Life-Cycle Assessment (LCA)

System Definition and Functional Unit

LCA is a standardized method for assessing the potential environmental impacts of a product or system. The goal of this study is to evaluate the environmental performance of alkali-activated binder from waste rock in comparison to that of ordinary Portland cement (OPC). Thus, the LCA was calculated by defining the functional unit as the production of “1 kg of binder material”. To make the analysis comparable to that of standard Portland cement, a multiplier factor was introduced as a substitution ratio [22, 23], which is formulated as follows:

$$\text{Substitution ratio}=\frac{28\text{-day compressive strength }(\text{MPa})\,\text{ of geopolymer}}{28\text{-day compressive strength }\left(\text{MPa}\right)\,\text{of base case material}}.$$

When comparing the LCA results of the developed geopolymer binder and Portland cements, the impacts of the geopolymer were divided by the substitution ratio above, (i.e., 0.26). All the environmental impacts in this study were evaluated using the following six midpoint methods: (1) global warming potential (IPCC 2013), (2) cumulative energy demand, non-renewable (CED), (3) ReCipe water depletion, (4) ReCipe particulate matter formation, (5) CML 2002 resource depletion, (6) CML 2002 acidification potential [24], and (7) ReCipe 2016 Endpoint (H) to account for overall impacts across categories [22].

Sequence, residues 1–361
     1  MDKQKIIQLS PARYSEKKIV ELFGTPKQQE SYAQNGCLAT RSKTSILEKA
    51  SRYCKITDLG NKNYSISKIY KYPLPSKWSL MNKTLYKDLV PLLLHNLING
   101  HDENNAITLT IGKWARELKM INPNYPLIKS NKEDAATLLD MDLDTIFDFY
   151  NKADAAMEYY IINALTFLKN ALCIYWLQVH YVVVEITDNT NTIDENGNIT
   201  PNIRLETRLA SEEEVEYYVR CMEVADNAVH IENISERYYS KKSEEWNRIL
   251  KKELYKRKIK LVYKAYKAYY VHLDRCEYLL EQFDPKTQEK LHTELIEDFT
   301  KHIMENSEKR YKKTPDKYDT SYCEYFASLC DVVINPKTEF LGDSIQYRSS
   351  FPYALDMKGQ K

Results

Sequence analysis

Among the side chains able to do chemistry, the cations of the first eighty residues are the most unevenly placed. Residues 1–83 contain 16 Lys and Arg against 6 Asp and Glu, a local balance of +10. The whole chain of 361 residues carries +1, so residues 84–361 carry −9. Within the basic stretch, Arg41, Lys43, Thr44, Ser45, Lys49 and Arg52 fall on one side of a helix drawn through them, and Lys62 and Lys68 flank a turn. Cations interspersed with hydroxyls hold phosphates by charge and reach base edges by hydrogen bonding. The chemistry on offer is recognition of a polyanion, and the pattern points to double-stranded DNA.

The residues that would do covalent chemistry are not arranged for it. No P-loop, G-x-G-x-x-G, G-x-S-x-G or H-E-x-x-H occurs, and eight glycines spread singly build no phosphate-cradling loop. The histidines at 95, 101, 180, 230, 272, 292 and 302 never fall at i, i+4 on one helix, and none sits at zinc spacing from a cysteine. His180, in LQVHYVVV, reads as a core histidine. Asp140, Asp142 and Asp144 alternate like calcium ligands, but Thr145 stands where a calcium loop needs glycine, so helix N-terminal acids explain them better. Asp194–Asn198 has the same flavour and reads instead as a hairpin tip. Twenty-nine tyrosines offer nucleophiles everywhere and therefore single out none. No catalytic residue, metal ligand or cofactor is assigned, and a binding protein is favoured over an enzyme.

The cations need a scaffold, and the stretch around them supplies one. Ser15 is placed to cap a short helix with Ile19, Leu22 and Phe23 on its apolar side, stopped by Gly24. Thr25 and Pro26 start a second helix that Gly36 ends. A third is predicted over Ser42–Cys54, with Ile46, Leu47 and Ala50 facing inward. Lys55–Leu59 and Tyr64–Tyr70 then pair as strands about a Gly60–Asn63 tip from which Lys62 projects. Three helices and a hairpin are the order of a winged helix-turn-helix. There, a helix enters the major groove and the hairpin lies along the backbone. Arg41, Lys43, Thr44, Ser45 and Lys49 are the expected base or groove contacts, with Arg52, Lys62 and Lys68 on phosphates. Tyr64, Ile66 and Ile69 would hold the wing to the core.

Data Collection and Life-Cycle Inventory (LCI) Calculations

The first step comprises a conversion of lab protocols into a lab-scale process diagram (Fig. 2). Central to this step are minerals and particle-size characterizations, i.e., mineralogy and grain sizes (refer to electronic supplementary materials, Supplementary Fig. S1, Tables S1, S2), and the results are obtained from experimental steps in “Characterization” section. The information was used as necessary input data in the subsequent step, mass, and energy balance computer simulation, within HSC Sim 10 [25].

Fig. 2
figure 2